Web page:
Sunday, 15 September 2013

Theatre review: Summer Day's Dream

We open on a rustic scene, two old men who look like they work with their hands dozing in a farmhouse. What looks like a Victorian rural setup isn't the past though but the future - or at least the future from the perspective of 1949, when Summer Day's Dream premiered. J.B. Priestley's play takes place in the post-apocalyptic England of 1975, Britain having been worst affected by the Third World War, which ended with an atomic bomb sending the island back to pre-industrial times. A couple of decades on and the country has found a new life as an agricultural society with a mostly barter-based economy. In the old order Stephen Dawlish (Kevin Colson) was a wealthy factory-owner, but now the 80-year-old's country mansion is a farmhouse, and he and his family happily work the land, exchange goods for what they need, and entertain themselves in the evening with music, poetry and amateur dramatics.

The rest of the world's progress hasn't slowed though, and it intrudes on the Dawlishes' idyll in the form of three representatives of the new World Order: Indian scientist Dr Bahru (Peter Singh) is there to do a report on local mineral reserves; if the report is favourable, American businessman Franklyn Heimer (Patrick Poletti) will recommend his company mine the area to make their Synthetic Products; and Russian official Madame Shestova (Helen Keeley) will make sure the USSR gets the percentage of the profits promised them in the peace treaty.

Since the success of last year's Cornelius the Finborough have kept returning to the lesser-performed works of J.B. Priestley, and this one has been away from the stage for over 60 years (although it did get a TV adaptation in the 1990s.) It's a rather sweet play but it's hardly Priestley's subtlest effort, which may explain its lack of popularity. Not that it's hard to sympathise with the writer's post-War anger and frustration at the damage unchecked scientific advances can do on a day-to-day basis, let alone when used for weaponry. But there's a naïveté to the rural idyll he paints, and a sometimes preachy tone - fortunately Stephen is Priestley's usual mouthpiece, and Colson's mellifluous tones soften the lecturing.

And in other areas there's some clever ideas to Summer Day's Dream, like the reversal of stereotypes when Bahru is confronted by Margaret (Lisa Armytage,) Stephen's quasi-mystical daughter in law, the Indian representing unchecked "progress" in the name of science that could destroy a simple society, the Englishwoman becoming the face of homespun local wisdom. The twist must have felt especially ironic at the play's debut when England's lost days of Empire were a recent memory. All three visitors find someone to teach them what really matters in life, with Stephen's grandchildren taking on the other two - the American is captivated by Eleanor Yates' Rosalie and finds himself trying not to disappoint her. Meanwhile the most intense relationship comes when Shestova falls for the puppyish charm of Christopher (Tom Grace.)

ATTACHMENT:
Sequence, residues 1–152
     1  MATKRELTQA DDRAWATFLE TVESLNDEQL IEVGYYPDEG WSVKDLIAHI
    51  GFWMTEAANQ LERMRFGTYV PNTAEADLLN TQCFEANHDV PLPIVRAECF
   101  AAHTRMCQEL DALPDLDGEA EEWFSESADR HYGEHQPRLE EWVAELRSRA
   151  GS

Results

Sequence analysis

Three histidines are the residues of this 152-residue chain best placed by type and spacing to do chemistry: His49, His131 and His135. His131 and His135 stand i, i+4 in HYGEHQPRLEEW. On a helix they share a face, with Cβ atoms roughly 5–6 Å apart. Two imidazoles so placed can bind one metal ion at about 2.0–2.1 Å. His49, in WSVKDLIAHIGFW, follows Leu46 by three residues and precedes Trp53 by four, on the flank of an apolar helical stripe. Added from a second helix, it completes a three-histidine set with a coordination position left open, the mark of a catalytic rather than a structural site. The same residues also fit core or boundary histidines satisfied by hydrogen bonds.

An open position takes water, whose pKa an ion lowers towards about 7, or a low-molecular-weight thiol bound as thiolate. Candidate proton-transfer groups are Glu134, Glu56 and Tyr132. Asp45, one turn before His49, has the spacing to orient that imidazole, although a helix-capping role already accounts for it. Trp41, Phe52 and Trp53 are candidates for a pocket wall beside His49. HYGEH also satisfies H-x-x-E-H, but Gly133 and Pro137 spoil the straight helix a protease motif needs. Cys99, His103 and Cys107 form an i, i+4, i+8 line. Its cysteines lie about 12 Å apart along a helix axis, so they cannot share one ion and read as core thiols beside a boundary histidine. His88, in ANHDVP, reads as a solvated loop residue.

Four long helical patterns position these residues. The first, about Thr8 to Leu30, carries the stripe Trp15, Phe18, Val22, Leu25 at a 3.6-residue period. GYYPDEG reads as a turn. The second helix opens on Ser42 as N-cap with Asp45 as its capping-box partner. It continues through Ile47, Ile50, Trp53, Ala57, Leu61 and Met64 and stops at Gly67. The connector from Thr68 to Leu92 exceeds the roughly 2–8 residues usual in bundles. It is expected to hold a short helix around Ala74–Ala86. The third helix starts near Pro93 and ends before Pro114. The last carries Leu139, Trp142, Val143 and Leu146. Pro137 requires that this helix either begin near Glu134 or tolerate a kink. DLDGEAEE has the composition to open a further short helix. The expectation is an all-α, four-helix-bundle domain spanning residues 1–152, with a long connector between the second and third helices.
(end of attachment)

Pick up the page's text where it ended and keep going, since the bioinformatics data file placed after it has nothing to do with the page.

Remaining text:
The venue's resident designer Alex Marker puts his directing hat on for this production and brings out the charm and optimism in Priestley's vision of a utopia born out of catastrophe, as well as the sadness of Christopher's doomed relationship with the married Soviet official. Like the title, the play itself makes reference to A Midsummer Night's Dream but its status as wish-fulfillment fantasy is sometimes cloying. Not a lost masterpiece, but a piece whose positives have been brought into focus by a bright and amiable production.

Summer Day's Dream by J.B. Priestley is booking in repertory until the 24th of September at the Finborough Theatre.

Running time: 2 hours 50 minutes including interval.

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